A Promethean Liver

Updated: Apr 28, 2019


With Apologies to Dr. Peterson

In a land forgotten by man, there sat perched upon a dead rock, a bird. This bird did not look regal, for its head drooped to the ground. Its neck was as wet and floppy as a noodle flung at a wall. The bird was as bald as a friar. Its creator had not bothered to give it feathers, so it could not fly. This pitiful bird was the pet of a powerful god, who cared not for it.

This god, who must not be named, sought to fling toward the earth all the creatures he could imagine. He reveled in drafting beings like the platypus duck. But in fact he had little imagination. The fish could not swim. The lions had no roar. The gazelle had no jump. And man had no thought.

Bored of his new game, the god sat down and decided to delegate his new world to his cousin—or perhaps it was his nephew—he cared not for its lineage. He cared not, not for lineage at all. He knew this being was a buffoon and his name was Epimetheus.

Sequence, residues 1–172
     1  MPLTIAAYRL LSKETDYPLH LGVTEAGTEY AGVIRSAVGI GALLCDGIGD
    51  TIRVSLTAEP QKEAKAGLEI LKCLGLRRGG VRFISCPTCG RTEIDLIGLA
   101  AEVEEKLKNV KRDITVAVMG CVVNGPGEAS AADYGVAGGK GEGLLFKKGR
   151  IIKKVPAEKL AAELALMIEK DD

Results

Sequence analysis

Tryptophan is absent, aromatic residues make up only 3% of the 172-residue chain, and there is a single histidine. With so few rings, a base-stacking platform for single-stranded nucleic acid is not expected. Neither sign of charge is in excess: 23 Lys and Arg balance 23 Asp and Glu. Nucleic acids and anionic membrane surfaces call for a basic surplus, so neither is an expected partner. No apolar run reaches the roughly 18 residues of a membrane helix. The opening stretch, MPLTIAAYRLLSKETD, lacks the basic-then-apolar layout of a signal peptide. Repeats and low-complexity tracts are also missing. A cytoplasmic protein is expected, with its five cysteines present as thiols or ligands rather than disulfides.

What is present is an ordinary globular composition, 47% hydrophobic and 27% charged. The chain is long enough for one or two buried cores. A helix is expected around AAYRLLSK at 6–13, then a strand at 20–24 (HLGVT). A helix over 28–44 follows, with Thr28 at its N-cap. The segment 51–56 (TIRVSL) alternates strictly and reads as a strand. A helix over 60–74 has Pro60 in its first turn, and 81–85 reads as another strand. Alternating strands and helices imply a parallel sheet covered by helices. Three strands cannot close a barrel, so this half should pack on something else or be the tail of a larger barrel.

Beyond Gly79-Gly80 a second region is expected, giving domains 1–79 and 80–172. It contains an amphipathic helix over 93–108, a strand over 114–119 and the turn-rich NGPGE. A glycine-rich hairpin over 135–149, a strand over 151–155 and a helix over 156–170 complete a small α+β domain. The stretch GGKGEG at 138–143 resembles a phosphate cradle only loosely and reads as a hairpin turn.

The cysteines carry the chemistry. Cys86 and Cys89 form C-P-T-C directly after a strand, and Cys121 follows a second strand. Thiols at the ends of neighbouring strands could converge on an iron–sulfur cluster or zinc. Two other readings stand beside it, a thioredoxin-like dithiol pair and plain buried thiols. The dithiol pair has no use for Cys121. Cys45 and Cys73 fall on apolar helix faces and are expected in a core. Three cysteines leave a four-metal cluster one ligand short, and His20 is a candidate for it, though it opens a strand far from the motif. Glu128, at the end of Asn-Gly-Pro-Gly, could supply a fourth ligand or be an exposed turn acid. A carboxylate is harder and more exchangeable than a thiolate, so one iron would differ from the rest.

This subordinate tried to mould creatures of the earth, but did no better than the All-Powerful had done. His bats flew around in the daytime, diving into the mad ocean and drowning. His cows had legs that could not hold their girth. And his men were too weak to fight off cold or sickness or the wolf that could kill but not eat.

Tired, he too surrendered his job to another, his brother, who was a being of thoughtfulness and foresight.

Soon the fish swam. The horses galloped. The tigers pounced. Birds flew straight. Everything had its place, but men still did not.

“Just destroy them,” said the All-Powerful.

“Who, then, will admire your creation?” This caught the All-Powerful’s attention. He was a great artist, he always said, and great artists must have an audience.

“I command you to make man understand.” So this subordinate sat on a rock, next to a bird without feathers, and he thought. He put his chin in his hand, his elbow on his knee, bent his back and gazed at the wide wonder that he had created. He did not care that the All-powerful told every God that it was he who created this land himself. This sub-god knew.